Why 1 Million Flood Damaged Cars From Harvey Are Ticking Time Bombs



Watch To Learn How One Million Flood Damaged Cars From Hurricane Harvey Threaten Public Safety

Auto insurance companies are parking thousands of flood damaged cars in makeshift lots across the Texas coast awaiting what the insurance carriers call “further assessment”.  Based on my experience as a vehicle safety lawyer there’s nothing to assess.  Every single vehicle totaled for water damage should be crushed so no one can ever again get behind the wheel.

The complex safety sensors that control air bags, seat belt restraint systems, and other crashworthiness devices are permanently damaged and beyond repair.

The Texas World Speedway outside College Station currently holds a sea of 33,000 flood damaged vehicles awaiting processing.  Some will reportedly head to auctions. Texas insurance regulators should issue an emergency edict ordering the destruction of every flood damaged vehicle.

When a reporter from the The Eagle showed up at the gate to learn more about the fate of the flood damaged vehicles, they were turned away.  It’s no wonder.  The auto insurance industry does not want prying eyes to see the scale of the ticking time bomb they may put back on the nation’s highways.

If you prefer to read what I have to say in the video, here’s a transcript:

Hello, I’m Todd Tracy with the Tracy Law Firm in Dallas, Texas and I’m here in my crash lab, and I want to talk to you today about something that doesn’t involve an accident but what it does involve is the tragedy that we’ve had here in Texas, and Louisiana, Florida, and Georgia with all the Hurricanes.

What will happen here is whenever you have vehicles that get flooded, and I’m talking about a vehicle who gets water inside the vehicle above the rocker panel for days and days, and days. That vehicle will never be the same from a safety standpoint. Why is that? You’ve got to remember, that most of the sensors inside a vehicle are right at the level where the flood waters are going to be coming in and once those sensors get wet and once they dry out, it’s sort of like your cellphone.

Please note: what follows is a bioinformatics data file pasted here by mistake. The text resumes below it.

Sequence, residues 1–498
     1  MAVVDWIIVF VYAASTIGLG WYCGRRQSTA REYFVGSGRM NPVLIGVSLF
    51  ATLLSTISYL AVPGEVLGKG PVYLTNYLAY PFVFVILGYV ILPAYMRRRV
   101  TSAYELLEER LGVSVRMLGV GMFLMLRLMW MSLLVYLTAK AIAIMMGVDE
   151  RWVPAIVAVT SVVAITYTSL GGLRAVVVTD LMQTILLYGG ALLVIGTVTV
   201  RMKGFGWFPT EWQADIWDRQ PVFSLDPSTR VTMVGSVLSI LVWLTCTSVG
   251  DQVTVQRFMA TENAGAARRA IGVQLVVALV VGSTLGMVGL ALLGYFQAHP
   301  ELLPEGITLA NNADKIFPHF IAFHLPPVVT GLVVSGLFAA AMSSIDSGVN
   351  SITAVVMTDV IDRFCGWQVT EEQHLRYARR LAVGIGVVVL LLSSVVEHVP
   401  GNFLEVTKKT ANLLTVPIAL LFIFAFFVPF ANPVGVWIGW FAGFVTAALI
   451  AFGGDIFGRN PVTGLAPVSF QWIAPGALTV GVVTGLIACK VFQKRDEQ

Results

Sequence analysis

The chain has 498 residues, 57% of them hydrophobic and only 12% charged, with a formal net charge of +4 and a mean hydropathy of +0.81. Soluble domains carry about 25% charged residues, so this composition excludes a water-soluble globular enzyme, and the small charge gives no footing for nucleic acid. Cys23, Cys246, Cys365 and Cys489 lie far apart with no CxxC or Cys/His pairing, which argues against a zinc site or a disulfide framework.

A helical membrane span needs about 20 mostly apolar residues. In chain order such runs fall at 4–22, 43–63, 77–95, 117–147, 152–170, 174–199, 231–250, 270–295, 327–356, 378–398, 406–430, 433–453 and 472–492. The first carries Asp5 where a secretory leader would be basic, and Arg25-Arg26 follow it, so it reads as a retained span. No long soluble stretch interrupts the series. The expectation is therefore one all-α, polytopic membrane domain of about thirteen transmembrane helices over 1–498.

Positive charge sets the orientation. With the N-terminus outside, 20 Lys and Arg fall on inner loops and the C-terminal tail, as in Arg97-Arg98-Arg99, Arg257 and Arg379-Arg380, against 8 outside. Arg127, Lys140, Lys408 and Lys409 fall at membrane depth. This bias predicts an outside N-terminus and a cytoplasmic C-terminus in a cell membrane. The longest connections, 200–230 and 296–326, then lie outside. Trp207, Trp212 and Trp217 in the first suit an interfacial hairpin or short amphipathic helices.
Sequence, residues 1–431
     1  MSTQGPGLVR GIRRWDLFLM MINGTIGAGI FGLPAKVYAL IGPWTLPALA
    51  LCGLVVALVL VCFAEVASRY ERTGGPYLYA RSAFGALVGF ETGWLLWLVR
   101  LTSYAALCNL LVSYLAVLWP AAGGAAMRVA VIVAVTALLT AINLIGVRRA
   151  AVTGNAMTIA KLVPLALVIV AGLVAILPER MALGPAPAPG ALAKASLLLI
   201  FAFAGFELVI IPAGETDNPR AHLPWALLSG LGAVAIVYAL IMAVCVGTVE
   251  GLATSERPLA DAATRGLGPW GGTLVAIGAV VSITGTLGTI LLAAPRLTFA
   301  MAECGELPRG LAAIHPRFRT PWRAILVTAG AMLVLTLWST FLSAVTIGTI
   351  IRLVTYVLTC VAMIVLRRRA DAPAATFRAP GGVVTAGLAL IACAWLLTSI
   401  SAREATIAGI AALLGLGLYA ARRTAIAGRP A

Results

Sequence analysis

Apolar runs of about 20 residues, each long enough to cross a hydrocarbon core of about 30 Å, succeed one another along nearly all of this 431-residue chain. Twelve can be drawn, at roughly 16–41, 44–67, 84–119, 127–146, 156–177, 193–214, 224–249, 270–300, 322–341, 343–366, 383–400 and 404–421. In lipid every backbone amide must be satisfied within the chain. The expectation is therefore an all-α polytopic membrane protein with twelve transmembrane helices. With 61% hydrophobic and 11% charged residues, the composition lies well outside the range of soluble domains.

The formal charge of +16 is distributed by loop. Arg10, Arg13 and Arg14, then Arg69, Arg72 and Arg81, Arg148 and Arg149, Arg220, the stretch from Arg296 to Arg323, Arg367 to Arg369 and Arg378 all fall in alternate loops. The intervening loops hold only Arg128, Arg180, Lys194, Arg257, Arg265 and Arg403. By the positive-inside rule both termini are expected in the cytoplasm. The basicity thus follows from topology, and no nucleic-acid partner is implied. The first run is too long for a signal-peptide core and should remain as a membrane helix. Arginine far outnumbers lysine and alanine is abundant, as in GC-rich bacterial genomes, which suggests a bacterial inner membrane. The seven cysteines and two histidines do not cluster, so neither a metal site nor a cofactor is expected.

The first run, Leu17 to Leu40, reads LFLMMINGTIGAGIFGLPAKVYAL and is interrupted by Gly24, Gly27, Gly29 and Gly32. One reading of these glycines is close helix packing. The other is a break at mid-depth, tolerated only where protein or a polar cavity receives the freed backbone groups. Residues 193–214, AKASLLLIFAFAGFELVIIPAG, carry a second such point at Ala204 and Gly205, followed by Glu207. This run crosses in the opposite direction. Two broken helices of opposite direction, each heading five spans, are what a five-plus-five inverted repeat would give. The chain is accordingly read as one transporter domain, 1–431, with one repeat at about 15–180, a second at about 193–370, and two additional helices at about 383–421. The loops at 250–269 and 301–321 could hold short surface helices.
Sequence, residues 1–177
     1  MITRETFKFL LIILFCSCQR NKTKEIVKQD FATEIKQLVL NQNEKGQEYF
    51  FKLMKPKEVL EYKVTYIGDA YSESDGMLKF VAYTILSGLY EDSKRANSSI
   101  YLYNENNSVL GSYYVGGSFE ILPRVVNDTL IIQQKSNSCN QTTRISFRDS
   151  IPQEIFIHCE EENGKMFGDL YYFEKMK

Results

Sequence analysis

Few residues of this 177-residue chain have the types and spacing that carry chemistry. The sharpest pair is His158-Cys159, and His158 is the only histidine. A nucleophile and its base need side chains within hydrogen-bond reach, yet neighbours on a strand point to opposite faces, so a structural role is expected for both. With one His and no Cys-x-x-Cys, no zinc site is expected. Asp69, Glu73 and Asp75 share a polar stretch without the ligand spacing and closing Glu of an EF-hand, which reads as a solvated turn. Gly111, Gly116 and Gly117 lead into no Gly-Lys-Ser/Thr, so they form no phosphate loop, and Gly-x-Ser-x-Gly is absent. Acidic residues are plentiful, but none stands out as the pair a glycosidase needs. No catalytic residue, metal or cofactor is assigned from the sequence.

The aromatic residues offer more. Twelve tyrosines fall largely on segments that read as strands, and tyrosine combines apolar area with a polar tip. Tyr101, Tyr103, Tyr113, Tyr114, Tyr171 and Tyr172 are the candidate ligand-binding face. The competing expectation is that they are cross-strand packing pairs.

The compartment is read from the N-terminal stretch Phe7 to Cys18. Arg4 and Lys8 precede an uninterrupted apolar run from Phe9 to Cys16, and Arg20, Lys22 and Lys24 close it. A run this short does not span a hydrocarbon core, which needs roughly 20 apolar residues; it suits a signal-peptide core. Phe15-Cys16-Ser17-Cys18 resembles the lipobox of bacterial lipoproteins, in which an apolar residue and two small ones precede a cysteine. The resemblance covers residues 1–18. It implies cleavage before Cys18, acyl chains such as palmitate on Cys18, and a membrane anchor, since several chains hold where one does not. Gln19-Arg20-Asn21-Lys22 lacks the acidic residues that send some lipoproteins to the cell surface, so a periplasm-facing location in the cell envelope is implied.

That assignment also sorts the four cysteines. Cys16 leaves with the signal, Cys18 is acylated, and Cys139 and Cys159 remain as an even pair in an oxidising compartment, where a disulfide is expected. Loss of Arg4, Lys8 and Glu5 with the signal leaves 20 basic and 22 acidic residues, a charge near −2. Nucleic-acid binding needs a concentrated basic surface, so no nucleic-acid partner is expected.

Take a cellphone and drop it in a bucket of water and see if it ever works again, but guess what? Your cell phone is not a safety device like the sensors are. The problem that we’re getting ready to see here is that the insurance companies are not going to pay these poor victims of the fair market value for their vehicle.

In Texas, for example, we do not have what is known as diminution in value. Once your vehicle has been flooded, it’s worthless but they’re just going to give you pennies-on-the-dollar, and you know what the insurance company’s going to do then if they do pay out a total car loss? They’re going to go resell that vehicle somewhere else.

What needs to happen here is that the state agencies that control the insurance companies, they need to order the insurance companies to total every single vehicle that has been flooded. They didn’t need to paint those vehicles and crush those vehicles. Do not reissue these vehicles having titles that are called salvage titles.